When I came across design patterns a few years back, they seemed like a solution to everything. There wasn’t a problem that one of the design patterns couldn’t solve. It was almost analogous to mobile apps. There’s an app for everything these days.
For those who don’t know yet, design patterns are well defined patterns of reusable solutions that are followed to solve commonly recurring problems in the software engineering world.
The term design patterns surfaced from the legendary book by the Gang of Four (Erich Gamma, et al.) - Design Patterns: Elements of Reusable Object-Oriented Software (1994). More than 2 decades old, this book is still very much relevant in the fast-moving software industry.
Software Engineering being a young profession, we are struggling to find standard ways to do things. While we are trying to build something big, we end up adding dirty fixes and hacky features. No two engineers are same, and to achieve a common ground organizations enforce conventions and patterns to adhere to while individuals contribute.
My first encounter with design patterns was when I needed to establish a way to keep a particularly expensive database connection to just have a single instance to be accessed everywhere. That’s when I came across the Singleton pattern.
I looked around for implementations of the Singleton pattern, and most examples I came across had a structure similar to this:
There are a few things to note here:
- The constructor is private. So, if you tried to instantiate it by calling:
new HeavyObject()it wouldn’t work.
- The HeavyObject instance is a static property. Which means global state.
- You can only access it by calling
HeavyObject.getInstance(), and it will return the same instance everytime.
Perfect!, I thought, as I replaced my current database connection with this, plus I enjoyed the lazy initialization goodness. It worked great and served my purpose. At some point, I was inclined to using it for almost every problem that I came across, or at least think about using it.
Turns out, global state isn’t a particularly great idea. Global variables can wreak havoc if not used judiciously, and you may have tightly coupled pieces spilled everywhere in your project.
Enter Dependency Injection: Trying to find ways to get around the Singleton pattern without using static, I found Dependency Injection (and the concept of Inversion of Control). In simple terms, you don’t create the dependencies you need, you ask for it and someone hands it to you.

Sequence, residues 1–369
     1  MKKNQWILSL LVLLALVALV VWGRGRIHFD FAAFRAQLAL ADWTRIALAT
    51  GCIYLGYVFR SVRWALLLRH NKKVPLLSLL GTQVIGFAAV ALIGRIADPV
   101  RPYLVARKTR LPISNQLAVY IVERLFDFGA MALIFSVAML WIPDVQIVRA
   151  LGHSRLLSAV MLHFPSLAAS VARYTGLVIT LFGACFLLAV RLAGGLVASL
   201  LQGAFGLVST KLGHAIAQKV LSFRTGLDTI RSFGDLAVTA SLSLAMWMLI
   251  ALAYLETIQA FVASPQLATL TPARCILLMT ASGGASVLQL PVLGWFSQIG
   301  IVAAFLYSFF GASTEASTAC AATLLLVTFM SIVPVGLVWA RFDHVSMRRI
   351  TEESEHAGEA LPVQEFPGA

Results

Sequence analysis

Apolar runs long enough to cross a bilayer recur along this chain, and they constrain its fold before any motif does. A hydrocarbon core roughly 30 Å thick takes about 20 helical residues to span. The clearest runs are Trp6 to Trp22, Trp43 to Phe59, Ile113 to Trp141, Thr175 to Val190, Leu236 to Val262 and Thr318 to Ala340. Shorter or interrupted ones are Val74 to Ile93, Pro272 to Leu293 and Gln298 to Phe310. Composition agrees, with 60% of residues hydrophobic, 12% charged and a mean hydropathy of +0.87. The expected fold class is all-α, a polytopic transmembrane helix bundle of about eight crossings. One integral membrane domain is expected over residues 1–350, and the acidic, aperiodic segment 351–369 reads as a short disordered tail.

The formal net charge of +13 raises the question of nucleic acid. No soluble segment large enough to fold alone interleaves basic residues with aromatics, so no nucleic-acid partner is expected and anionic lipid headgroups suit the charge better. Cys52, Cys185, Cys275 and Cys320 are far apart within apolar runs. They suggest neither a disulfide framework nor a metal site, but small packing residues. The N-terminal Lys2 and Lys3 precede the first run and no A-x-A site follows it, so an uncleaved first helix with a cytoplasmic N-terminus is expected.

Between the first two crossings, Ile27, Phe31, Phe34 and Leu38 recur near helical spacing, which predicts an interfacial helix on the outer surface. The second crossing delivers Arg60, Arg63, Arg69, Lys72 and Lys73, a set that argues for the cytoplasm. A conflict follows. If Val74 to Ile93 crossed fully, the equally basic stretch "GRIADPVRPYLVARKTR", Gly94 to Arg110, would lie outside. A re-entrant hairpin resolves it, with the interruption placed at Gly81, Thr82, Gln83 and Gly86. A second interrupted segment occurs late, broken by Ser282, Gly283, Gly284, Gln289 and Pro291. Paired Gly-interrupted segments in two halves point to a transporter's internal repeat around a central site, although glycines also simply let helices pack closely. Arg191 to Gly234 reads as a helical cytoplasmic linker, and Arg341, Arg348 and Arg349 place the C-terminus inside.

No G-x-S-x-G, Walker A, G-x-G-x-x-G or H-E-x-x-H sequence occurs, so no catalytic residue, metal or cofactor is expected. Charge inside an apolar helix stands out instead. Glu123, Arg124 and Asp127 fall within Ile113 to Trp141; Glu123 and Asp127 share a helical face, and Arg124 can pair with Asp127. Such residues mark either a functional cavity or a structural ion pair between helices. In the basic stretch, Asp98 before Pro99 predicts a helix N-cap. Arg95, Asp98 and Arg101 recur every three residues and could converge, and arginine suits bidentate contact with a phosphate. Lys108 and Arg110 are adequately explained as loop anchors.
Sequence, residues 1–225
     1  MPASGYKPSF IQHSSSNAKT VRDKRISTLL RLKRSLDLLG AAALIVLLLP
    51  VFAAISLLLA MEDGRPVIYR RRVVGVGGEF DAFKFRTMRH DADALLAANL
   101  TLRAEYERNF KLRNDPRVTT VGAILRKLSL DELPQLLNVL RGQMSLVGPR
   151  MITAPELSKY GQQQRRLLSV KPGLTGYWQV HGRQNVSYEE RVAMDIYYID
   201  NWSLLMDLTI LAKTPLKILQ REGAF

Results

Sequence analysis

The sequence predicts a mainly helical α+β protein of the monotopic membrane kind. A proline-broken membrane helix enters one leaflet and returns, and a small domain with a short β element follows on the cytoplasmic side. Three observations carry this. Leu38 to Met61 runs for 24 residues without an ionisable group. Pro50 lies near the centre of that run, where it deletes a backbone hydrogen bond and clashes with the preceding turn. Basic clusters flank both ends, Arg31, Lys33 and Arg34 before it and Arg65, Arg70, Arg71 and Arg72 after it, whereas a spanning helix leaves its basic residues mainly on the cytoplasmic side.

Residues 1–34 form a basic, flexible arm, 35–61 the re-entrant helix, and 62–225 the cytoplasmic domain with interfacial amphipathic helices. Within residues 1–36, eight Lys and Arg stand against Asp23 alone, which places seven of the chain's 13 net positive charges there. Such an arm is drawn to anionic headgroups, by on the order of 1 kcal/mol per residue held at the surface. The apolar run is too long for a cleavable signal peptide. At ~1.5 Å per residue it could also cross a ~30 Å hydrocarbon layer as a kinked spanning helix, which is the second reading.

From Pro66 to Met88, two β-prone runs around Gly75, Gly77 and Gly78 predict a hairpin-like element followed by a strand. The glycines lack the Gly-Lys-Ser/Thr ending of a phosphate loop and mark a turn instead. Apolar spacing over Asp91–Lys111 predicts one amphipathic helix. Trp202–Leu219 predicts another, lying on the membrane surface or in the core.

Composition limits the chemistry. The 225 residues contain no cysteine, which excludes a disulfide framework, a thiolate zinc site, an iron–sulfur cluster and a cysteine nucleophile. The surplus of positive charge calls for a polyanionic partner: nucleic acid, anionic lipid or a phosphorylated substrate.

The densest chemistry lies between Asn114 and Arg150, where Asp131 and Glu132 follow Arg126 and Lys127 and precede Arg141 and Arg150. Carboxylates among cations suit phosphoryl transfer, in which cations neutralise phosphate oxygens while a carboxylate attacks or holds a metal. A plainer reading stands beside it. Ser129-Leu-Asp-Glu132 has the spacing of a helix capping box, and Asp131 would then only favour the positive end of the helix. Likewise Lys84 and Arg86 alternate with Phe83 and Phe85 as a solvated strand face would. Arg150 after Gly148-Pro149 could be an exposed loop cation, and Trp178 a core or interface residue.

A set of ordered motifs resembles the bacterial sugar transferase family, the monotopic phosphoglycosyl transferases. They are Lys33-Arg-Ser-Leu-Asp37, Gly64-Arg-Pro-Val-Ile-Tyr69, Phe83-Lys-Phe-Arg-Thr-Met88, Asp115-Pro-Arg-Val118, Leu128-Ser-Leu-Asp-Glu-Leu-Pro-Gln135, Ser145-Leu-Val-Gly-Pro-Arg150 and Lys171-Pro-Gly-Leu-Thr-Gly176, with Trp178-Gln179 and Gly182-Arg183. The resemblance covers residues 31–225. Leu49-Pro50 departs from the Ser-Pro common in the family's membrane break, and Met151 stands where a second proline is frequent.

Anthony Ferrara, in his video presentation about DI explains it with the analogy of a house building robot. Your house building robot is programmed to take blocks of lumber and fit them together to build the walls. When it needs to build a doorway it has two options - To create each door out of raw materials, or to take a ready-made door and just add it to the house.
The door is a dependency for the robot to build the house. If it were to create a door everytime it had to add a doorway, and then in the future, you realized that you don’t like the doors that the robot built - you’ll have break that door, everywhere.
This class knows too much about how doors and blocks are built. Don’t let your classes know too much.
Dependency injection solves the problem by handing over a readymade door to the robot. Now if you’d like a different door, you simply swap the old door with a new door.
This decouples your wall from any specific implementation of the door. The robot just asks for a door that satisfies specific needs like the dimensions in the form of a contract.
Using dependency injection helps reduce tight coupling of code and enables us to switch between implementations of interfaces. This is inversion of control. The caller feeds the dependencies to the callee, rather than the callee creating its own dependencies.
So we can change it to something like this:
Now that the door is an interface, we can switch out implementations in anyway we like. We may want a glass door at a store front and a wooden door in a house, and we can do that by simply injecting a different implementation.
Dependency Injection is often carried out by Dependency Injection Contrainers (DIC) which create the dependency for you, usually utilizing reflection to traverse multiple levels of dependencies. This is often useful for managing dependencies but not always necessary.